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posted by hubie on Wednesday February 28, @10:34AM   Printer-friendly

https://newatlas.com/energy/geologic-hydrogen-gold-rush/

There's enough natural hydrogen trapped underground to meet all projected demands for hundreds of years. An unpublished report by the US Geological Survey identifies it as a new primary resource, and fires the starter pistol on a new gold rush.

The "black gold" oil rush in the US started in 1859, when one Edwin Drake drove a stake into the Pennsylvania soil and oil started flowing out. The gold hydrogen rush may have a similar moment to point back to; in 1987, as one Mamadou Ngulo Konaré tells the story, well diggers gave up on a 108-m (354-ft) deep dry borehole, but he and other villagers in Bourakébougou, Mali, noticed that wind was blowing out of it. When one of the drillers looked in, smoking a cigarette, it blew up in his face, causing severe burns as well as a huge fire.

That fire, as Science quoted Konaré, burned "like blue sparking water, and did not have black smoke pollution. The color of the fire at night was like shining gold." It took weeks to put the fire out and plug the hole, but subsequent analysis showed the gas coming out was 98% pure hydrogen. Celebratory mangos were served. Some years later, a little 30 kW Ford generator was hooked up, and Bourakébougou became the first village in the world to enjoy the benefits of clean, naturally occuring hydrogen as a green energy source.
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Either way, the situation has now changed, big time. Geoffrey Ellis, of the US Geological Survey, has been investigating the global potential of geo-locked "gold" hydrogen as a new primary resource. In a Denver meeting of the American Association for the Advancement of Science, he previewed the results of an as-yet unpublished study, according to the Financial Times.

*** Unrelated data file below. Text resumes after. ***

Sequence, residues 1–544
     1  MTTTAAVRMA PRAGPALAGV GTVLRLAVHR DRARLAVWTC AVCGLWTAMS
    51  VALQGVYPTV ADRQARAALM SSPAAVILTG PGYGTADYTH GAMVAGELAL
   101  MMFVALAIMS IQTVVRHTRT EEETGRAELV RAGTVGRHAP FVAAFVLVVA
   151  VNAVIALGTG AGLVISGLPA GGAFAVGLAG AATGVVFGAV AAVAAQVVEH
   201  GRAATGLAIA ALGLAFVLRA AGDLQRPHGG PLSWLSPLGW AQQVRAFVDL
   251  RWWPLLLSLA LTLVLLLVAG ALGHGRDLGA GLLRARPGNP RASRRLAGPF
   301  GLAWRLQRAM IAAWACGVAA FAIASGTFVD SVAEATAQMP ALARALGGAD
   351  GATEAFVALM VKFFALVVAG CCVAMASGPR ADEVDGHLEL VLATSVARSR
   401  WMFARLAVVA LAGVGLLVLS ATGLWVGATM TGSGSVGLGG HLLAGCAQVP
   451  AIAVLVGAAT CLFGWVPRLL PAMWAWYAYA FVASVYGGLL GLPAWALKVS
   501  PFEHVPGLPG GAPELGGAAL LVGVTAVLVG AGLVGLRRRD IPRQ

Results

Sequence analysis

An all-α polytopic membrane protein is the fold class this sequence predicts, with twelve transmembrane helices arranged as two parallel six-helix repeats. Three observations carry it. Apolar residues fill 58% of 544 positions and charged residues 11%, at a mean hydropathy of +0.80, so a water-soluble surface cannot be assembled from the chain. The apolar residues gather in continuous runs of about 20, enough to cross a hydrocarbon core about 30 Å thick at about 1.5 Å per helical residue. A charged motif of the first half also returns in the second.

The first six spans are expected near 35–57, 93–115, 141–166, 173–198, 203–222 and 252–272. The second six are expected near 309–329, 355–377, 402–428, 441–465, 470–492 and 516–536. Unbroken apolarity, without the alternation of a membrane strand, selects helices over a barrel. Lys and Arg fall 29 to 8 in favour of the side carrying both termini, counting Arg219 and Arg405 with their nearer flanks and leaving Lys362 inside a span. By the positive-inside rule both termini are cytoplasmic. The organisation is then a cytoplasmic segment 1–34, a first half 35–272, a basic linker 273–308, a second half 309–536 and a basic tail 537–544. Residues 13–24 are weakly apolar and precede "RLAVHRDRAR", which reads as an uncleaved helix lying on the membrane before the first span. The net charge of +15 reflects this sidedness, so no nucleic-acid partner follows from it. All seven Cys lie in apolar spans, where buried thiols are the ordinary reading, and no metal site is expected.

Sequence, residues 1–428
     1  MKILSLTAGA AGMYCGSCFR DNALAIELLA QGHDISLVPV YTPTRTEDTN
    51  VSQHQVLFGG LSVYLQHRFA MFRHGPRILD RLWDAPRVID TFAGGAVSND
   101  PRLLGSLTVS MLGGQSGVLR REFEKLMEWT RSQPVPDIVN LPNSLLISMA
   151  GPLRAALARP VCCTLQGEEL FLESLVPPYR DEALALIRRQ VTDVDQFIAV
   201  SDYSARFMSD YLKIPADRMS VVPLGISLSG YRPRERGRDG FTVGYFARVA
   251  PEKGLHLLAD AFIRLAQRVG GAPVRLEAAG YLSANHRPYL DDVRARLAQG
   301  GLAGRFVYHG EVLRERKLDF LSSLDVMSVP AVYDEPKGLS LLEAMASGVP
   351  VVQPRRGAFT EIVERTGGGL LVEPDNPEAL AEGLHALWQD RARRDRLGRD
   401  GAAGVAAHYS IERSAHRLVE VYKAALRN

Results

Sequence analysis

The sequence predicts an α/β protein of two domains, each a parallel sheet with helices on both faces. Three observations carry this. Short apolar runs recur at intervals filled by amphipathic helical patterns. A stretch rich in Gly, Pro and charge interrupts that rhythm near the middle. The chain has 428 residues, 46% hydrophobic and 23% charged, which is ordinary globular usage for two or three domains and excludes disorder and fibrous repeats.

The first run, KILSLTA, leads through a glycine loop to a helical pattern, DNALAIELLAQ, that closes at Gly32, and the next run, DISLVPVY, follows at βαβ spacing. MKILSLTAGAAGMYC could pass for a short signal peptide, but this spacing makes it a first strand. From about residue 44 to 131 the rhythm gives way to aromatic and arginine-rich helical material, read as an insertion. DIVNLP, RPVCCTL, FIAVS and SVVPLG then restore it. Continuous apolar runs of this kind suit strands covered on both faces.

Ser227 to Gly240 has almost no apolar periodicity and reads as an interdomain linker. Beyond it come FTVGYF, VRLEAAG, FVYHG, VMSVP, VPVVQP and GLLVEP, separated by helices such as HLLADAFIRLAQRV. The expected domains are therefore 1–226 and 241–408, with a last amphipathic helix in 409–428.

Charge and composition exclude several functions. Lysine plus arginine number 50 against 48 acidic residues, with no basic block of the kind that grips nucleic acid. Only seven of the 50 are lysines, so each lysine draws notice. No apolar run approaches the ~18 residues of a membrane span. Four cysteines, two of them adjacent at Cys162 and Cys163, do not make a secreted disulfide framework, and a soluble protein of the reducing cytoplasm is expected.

In short, there are as many as 5.5 trillion tons of hydrogen in underground reservoirs worldwide. It may have been generated by the interaction of certain iron-rich minerals with subterranean water. In some cases, it may be mixed in with other gases such as methane, from which it would need to be separated. But it's there, in such extraordinary quantities that analysts are expecting a gold hydrogen rush at a global scale.

It may not be super easy to get to: "Most hydrogen is likely inaccessible," Ellis told the Financial Times. "But a few per cent recovery would still supply all projected demand – 500 million tonnes a year – for hundreds of years."

Gold hydrogen won't won't hog renewable energy like electrolyzers, or divert it away from other decarbonization opportunities. In that sense, you could argue it'll have the potential to be significantly greener than green hydrogen. On the other hand, if tapping it releases methane into the atmosphere, that's a serious issue; methane is around 85 times more powerful a greenhouse gas than carbon dioxide over a 20-year time frame.


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  • (Score: 2) by quietus on Thursday February 29, @05:46PM

    by quietus (6328) on Thursday February 29, @05:46PM (#1346817) Journal

    Hydrogen appears to be a strong indirect greenhouse gas, by stabilising methane in the atmosphere and creating tropospheric ozone and stratospheric water vapour.

    The climate impact of hydrogen is about 34 times higher than CO2 when measured over a 20-year period, according to the Environmental Defense Fund. Looking at the impact over 100 years, the global warming potential reduces to between eight and 13 times.

    And as production increases, the risk of hydrogen leaks increases as well. According to the Center on Global Energy Policy at Columbia University, the leakage rate could reach 5.6% across the economy, compared with an estimated 2.7% in 2020.

    There is hence a need to effectively monitor hydrogen leakage, especially considering what happened with methane: until quite recently, nobody really bothered to look into methane leakage associated with oil and gas exploration. According to the Environmental Defense Fund though, around half of global methane gas leaks could have been avoided at no cost because selling the gas would have recovered the cost of intervention.

    “Until we measured, people didn’t realise how their systems actually operated. They were losing product and would tell you they’re not,” recounts Hamburg.

    “We’re pretty confident that’s happening.”

    Source here [euractiv.com].

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